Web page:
Syncing time

The version of KDE shipped with the Eee PC doesn’t have the ability to synchronize time with a remote time server — but it does include the rdate tool, which you can use in a simple bash script that helps you to keep the Eee PC’s time in sync. Create a new text file with the text editor, and enter the following script in it:

#!/bin/shsudo /usr/sbin/rdate -s

In this example, the script uses a time server located in Berlin, but you can replace it with one closer to you. Save the file and give it a name (e.g., “synctime”). Make the saved file executable by running the sudo chmod +x synctime command. Finally, move the file into the /usr/bin directory. You can then sync time by executing the synctime command in the terminal.

Using Mercury launcher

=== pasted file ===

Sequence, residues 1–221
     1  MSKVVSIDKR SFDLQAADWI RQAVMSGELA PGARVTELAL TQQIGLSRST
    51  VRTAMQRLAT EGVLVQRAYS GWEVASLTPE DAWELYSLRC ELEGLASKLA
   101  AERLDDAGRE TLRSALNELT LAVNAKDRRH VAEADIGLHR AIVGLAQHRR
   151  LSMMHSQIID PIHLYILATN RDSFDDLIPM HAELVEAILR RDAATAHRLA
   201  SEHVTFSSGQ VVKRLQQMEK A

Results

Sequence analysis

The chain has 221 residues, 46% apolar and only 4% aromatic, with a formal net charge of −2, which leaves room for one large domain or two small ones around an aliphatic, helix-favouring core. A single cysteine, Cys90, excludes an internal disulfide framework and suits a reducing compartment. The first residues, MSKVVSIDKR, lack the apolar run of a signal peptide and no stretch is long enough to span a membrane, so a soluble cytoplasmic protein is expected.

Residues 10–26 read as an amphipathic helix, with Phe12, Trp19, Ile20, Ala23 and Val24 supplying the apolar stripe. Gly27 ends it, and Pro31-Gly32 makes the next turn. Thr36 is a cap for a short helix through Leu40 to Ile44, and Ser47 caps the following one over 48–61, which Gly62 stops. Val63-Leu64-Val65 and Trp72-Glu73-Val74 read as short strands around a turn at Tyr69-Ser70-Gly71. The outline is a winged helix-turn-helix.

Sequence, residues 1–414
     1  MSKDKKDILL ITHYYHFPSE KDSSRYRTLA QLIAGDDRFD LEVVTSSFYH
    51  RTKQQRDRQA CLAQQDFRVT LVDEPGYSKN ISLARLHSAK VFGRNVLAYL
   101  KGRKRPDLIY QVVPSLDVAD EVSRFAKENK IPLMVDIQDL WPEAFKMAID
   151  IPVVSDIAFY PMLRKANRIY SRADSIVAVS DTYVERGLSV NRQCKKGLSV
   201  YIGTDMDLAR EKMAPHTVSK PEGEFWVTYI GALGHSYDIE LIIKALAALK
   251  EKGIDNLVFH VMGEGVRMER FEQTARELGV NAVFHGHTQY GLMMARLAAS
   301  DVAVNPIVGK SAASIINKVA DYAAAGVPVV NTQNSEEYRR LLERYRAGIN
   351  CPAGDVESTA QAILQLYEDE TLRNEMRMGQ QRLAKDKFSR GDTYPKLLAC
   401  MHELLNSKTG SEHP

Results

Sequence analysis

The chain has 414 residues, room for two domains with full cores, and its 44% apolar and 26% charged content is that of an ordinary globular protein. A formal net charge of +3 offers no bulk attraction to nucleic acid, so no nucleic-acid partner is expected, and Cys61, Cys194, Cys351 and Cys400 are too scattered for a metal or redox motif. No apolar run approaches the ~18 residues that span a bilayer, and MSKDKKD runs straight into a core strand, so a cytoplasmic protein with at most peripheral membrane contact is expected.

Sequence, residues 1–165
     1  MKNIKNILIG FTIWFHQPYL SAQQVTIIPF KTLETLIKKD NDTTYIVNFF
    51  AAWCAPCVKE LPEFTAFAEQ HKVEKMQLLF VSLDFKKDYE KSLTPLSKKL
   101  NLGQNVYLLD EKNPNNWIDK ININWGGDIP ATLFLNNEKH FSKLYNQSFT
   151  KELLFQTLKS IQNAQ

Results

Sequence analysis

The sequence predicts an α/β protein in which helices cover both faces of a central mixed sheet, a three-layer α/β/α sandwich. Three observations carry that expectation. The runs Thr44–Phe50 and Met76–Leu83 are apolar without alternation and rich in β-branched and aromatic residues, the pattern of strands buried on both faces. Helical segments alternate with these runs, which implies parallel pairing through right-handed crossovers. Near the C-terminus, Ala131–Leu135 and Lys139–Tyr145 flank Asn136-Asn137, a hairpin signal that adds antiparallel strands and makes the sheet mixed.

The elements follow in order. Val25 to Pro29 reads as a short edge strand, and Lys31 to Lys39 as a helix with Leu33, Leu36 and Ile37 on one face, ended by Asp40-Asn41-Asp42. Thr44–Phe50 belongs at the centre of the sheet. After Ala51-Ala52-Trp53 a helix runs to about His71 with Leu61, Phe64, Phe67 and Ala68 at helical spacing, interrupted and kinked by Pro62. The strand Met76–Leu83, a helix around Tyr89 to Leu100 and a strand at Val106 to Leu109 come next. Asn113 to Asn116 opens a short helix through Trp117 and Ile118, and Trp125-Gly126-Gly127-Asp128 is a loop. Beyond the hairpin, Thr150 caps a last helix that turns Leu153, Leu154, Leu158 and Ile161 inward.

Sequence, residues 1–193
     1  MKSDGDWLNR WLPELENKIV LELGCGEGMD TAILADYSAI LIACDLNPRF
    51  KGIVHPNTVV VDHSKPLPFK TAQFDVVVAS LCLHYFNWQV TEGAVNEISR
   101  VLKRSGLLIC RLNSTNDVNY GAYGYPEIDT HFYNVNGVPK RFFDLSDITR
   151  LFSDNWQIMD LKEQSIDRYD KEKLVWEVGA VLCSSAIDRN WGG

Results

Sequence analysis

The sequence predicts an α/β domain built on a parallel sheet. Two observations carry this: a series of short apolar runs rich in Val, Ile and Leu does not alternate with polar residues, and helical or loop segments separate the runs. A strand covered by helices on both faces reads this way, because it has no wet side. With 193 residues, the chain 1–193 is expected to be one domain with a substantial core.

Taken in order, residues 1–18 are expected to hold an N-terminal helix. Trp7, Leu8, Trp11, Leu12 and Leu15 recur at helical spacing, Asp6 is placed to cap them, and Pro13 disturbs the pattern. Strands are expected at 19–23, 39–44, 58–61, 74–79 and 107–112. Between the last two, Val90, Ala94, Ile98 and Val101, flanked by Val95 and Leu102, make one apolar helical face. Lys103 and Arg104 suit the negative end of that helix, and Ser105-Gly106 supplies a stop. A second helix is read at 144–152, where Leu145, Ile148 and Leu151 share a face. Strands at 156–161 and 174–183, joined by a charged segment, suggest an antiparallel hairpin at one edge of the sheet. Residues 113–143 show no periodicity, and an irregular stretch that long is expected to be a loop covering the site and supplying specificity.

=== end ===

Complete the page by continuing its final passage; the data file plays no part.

When working in the Full Desktop mode, you can speed up access to applications and scripts using the Mercury launcher, a tiny utility that resembles Katapult. While Mercury is a bare-bones tool, it’s still a useful time-saver worth having in your arsenal.

Download the latest release of Mercury and unpack it. In the terminal, switch to the resulting directory and run the ./ command to index executable files and documents. Once the data has been indexed, you can launch Mercury using the ./mercury command. Using the KMenuEdit tool (launch it using the kmenuedit command in the terminal), you can add Mercury to the KDE menu and assign a hotkey to it. When assigning a hotkey, make sure to uncheck the “Enable launch feedback” option.

These are just a few software tweaks that can help you to get the most out of your Eee PC. If you are looking for more, visit the EeeUser wiki, which provides a wealth of useful information about the popular tiny laptop.